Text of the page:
Don’t go splitting any bills in the name of feminism. You probably can’t afford it.


We take a look at the Gender Pay Gap and how it impacts working mothers.

The gender pay gap currently stands at 17.9%, meaning Australian women, including you, have to work an extra 65 days this year to earn the same as men. Worst of all, most of you may not even be aware you are being paid less…a whopping $284.20 a week less! Pay inequity happens for a few reasons – some are structural, some are personal, the combination of them however  results in you being paid on average around $700,000 less than men over your working life. The gap is the cumulative result of discrimination, unpaid carer responsibilities, and the undervaluation of work undertaken by women, particularly in the social and community services industries. Additional challenges such as divorce coupled with government schemes such as superannuation which is linked only to paid work, have resulted in the shocking reality that women are 2.5 times more likely to live in poverty in old age than men (NATSEM, 2007). One of the greatest challenges though, is convincing women like you that it can happen to you. When you’re in the honeymoon period of your relationship and pregnant, it’s difficult to anticipate anything could possibly go wrong! But, if your plan is to work part time while your children are at school, then its likely your earnings potential will peak right before you have your first baby…for about 20 years. And according to a report published by ANZ last month, there are a couple of specific statistics that contribute:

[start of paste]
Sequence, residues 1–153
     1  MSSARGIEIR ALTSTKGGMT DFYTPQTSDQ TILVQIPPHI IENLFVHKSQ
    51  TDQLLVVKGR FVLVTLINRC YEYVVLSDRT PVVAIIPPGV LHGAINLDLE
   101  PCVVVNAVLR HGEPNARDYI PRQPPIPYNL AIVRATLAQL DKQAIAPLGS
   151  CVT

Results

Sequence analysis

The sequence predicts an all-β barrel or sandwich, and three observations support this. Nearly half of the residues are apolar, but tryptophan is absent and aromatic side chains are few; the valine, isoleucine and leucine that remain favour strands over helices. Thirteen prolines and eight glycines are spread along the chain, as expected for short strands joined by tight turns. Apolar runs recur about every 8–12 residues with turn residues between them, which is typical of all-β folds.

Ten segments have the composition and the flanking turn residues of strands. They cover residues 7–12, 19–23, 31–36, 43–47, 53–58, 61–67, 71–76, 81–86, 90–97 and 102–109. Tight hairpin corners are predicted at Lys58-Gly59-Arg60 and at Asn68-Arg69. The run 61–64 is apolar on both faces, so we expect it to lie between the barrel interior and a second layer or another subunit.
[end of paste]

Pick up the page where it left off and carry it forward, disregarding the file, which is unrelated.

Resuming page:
• Australian women returning to work after 12 months’ parental leave are subject to an average 7 per cent wage penalty, known as the ‘motherhood penalty’ increasing to 12 per cent over the subsequent year, and
  • Between the ages of 35 and 44 men earn 21.8 per cent more than women
We are working on systemic changes at the corporate level, but there are some of the things you can do personally…a survey of 10,000 women in their 20s found that 90% had never asked for more responsibility, feedback, or a pay rise. We know its uncomfortable, but here are our suggestions:
  1. Know your value: what is the contribution you make to your employer? What are some of your success stories?
  2. Talk to your girlfriends about it, and support each other to ask for more.
  3. Take that courage into the workplace and ask for more responsibility, ask for feedback about how you get to the next level in your career, and ask for more money.